No easy solution for Lebanon
By Ghassan Michel Rubeiz
Lebanese President Michel Aoun is expected to announce next week his choice of a new prime minister designate. Who is willing to assume the task of forming a cabinet to address Lebanon’s huge problems? There is talk about the possible designation of Najib Mikati, a former prime minister with moderate views and a business orientation.
Politically and economically, this small country has fallen off the cliff. The state is bankrupt. Private banks and their clients are in big trouble; local currency has lost 90 % of its value against the dollar. There is famine looming, high unemployment, and severe shortage of medicine, fuel, and electricity.There is famine looming, high unemployment, and severe shortage of medicine, fuel, and electricity.
The state has nearly lost its sovereignty. The small republic today is as fragile as it was a century ago – precisely 1920, when France created Grand Liban during the post WWI mandate period. The French created a client – state. The new expanded Lebanon was carved out of Syria. A strange sectarian formula of elections and power sharing gave the Christians an advantage in politics, services and the economy. We are now witnessing the unraveling of the French-made Greater Lebanon.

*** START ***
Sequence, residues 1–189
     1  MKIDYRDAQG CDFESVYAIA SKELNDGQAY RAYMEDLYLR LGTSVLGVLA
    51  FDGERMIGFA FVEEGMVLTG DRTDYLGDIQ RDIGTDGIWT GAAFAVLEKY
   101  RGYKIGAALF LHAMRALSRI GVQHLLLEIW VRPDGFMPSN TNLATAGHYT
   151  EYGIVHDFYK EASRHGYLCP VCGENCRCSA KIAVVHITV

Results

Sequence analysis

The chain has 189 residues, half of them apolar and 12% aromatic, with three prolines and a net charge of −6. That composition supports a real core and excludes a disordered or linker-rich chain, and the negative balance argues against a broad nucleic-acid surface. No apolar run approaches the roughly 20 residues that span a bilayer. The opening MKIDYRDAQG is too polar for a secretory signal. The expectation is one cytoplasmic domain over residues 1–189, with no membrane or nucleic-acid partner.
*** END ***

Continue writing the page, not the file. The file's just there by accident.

External intervention is only one factor contributing to state failure. Local political leaders have never been willing to confront corruption and political deadlock. Currently, the badly needed radical reforms are hard to come by for a simple reason: reform would expose those in power and replace them. Citizens are in an existential conflict of interest with their leaders. It is a tug of war, and so far the ruler has been winning. How long will this power game last?
Politicians have lost sensitivity to criticism. It took Hariri as long as nine months to acknowledge his inability to form the next cabinet, which would have been his fourth term as a prime minister – and leader of the Sunnite community.
Cabinet formation is a game of distribution of personal power and benefits. Tension in decision making has been more about personal, party and sect privileges than about responsibility for public office.
It is not total collapse yet. The national army is still functional. There are no signs of a new civil war. The previous 15 year civil war, which ended in 1990, is a reminder that there is no winner in sectarian wars. Moreover, the strong presence of Hezbollah forces enhances the efficacy of the Lebanese national armed forces role in preserving public security, and ironically, this independent “resistance” contributes to the decline of state sovereignty.
During every national crisis, the Lebanese fiercely debate the-chicken-and-the-egg controversy surrounding Hezbollah: is it the weak state which calls for the mobilization of a resistance force against Israel, or a dominant militia presence which weakens the state?
The Lebanese will not regret the departure of Hariri from leadership. The former, long-serving prime minister, President Aoun, Parliament Speaker Nabih Berri and the Governor of the Central Bank Riad Salameh , all four, are equally ( but not totally) responsible for allowing the country to reach such a low level of instability and deprivation. It is time for them to go.